My very first college course was Drawing 101. Chasing after a fine arts degree at 17 without being stretched much academically to that point was overwhelming at first. The professor was nothing like the college professors I’d imagined before arriving on campus. He had long hair, smelled of cigarettes, and went by the nickname “Fish” instead of Professor Fisher. The first thing he told the class was that he didn’t believe in giving out A’s. In his book C was average, and that was the grade we could expect for our work. Needless to say, we were off to a pretty inspiring start.

Having never received a C in my life, my first thought was, “I’ve got to transfer out of this class now,” but that wasn’t an option. Over the next 16 weeks, I worked harder in that class and pushed myself like never in my life and way beyond what I thought I was capable of achieving. And, at the end of the term, I received a B-. But, the grade wasn’t what was important. I had learned so much. Not only had I grown as an artist, but it was a powerful lesson in creating confidence and belief in myself as a student.

Looking back, silly as it may sound, that professor, the course, and B- that followed helped shape the foundation for the rest of my college career. If Fish had freely handed out A’s, I would have waltzed through and not learned and grown a bit.

Fast forward nearly 20 years. I’m sitting in an interview with Block Imaging’s President to discuss a leadership position within their team. It was clear in our time together that this would be a role where I’d be challenged every single day. As we discussed the role and responsibilities, I couldn’t help but reflect on that experience in college and its role in preparing me for this role and chapter.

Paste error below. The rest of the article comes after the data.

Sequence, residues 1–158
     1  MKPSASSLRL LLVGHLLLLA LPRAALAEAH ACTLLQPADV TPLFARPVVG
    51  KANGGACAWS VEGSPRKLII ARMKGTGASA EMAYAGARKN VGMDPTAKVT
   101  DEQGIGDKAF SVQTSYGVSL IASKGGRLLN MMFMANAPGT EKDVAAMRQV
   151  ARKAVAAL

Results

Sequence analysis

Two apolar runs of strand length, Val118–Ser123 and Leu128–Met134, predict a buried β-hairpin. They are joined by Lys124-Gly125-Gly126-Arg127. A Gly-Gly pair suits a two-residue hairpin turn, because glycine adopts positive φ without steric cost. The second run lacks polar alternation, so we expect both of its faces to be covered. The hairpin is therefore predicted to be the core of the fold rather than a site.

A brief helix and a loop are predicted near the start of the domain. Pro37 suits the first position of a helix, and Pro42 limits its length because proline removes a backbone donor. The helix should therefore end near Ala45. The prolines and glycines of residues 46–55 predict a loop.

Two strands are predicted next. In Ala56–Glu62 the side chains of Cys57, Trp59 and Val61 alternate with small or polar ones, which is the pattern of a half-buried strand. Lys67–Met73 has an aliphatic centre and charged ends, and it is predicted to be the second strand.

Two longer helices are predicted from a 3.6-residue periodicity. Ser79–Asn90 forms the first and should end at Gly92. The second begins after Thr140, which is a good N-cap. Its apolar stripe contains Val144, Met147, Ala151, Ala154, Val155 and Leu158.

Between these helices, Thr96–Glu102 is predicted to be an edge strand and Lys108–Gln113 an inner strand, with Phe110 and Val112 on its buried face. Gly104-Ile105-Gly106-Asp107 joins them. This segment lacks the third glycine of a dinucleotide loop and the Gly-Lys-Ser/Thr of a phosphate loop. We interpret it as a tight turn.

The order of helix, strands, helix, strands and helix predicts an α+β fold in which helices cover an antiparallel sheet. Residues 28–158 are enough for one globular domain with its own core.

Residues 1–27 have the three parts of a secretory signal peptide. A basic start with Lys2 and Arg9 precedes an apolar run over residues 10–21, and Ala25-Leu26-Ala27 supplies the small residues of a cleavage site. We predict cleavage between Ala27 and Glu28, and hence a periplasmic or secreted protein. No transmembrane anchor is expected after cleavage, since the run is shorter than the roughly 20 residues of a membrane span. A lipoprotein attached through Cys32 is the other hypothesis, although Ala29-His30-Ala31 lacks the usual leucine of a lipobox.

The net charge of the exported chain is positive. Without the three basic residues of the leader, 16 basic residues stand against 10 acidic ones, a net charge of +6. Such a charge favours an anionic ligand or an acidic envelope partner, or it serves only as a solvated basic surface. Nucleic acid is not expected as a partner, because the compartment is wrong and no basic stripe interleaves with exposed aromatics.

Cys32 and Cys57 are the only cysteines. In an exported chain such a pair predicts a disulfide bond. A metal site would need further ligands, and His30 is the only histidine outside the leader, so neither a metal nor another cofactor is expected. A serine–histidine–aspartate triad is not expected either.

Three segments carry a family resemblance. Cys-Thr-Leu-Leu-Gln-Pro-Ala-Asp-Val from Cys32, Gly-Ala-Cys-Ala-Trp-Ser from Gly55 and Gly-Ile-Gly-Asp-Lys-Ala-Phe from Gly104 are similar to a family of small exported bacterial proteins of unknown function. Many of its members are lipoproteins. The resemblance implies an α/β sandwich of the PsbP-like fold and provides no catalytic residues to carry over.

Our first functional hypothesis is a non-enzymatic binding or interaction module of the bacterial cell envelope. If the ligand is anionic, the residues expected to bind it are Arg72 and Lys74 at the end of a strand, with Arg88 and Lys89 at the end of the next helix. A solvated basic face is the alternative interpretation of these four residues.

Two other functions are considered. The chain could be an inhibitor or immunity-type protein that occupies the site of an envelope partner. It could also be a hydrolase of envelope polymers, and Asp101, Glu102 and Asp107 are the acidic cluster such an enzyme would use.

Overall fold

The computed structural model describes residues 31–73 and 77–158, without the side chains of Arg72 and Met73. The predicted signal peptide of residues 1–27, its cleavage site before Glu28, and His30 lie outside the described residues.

After all, it would have been easy to stay in my current job because it was comfortable and familiar, but Drawing 101 taught me that I would be doing myself a disservice by not taking on this new challenge. I knew that facing this challenge head-on would shape me in new and dynamic ways.

If you’ve found yourself stuck in the “same old” for “too long,” here are a few ways I’m learning to BREAK OUT in pursuit of the fullest potential:

Find Someone to Challenge You

This person doesn’t have to be your manager, and if they haven’t yet, they probably aren’t the right person. Find someone you respect and want to glean from and ask for their help. Invite them to call you out, be your cheerleader, and hold you accountable for everything you’re capable of achieving.

Be Brave Enough to Call Yourself Out

We all know when we’re taking the path of least resistance. Sure it’s easy, but it never leads us where we want to go. When you feel yourself heading in that direction, call yourself on it. And, if you’ve got a mentor, be brave enough to tell them right away.

Accept Feedback Willingly – Even When it’s Hard

It’s never fun to hear negative feedback about yourself or your work, but it is fundamental to growth. The more practice we get in this area, the better we get, and the less it hurts. It’s a powerful way to deepen relationships and make everyone better. Your peers will become more comfortable readily sharing their thoughts, and you’ll push yourself to grow and evolve.

Don’t Listen to Your Negative Inner Voice

Many of us have a voice in our heads that starts creeping in when we’re about to face a challenge. The one that reminds you of the mistakes you’ve made in the past and says you’re not capable, that there’s someone better to do this. One great tip from Coach Jennie’s book about this inner voice encourages us to name the voice. Following Coach Jennie’s inspiration, I’ve named mine “Hilda,” and I’m learning to tell her to shove it.

Cheers to taking on new challenges and reaching your fullest potential!!

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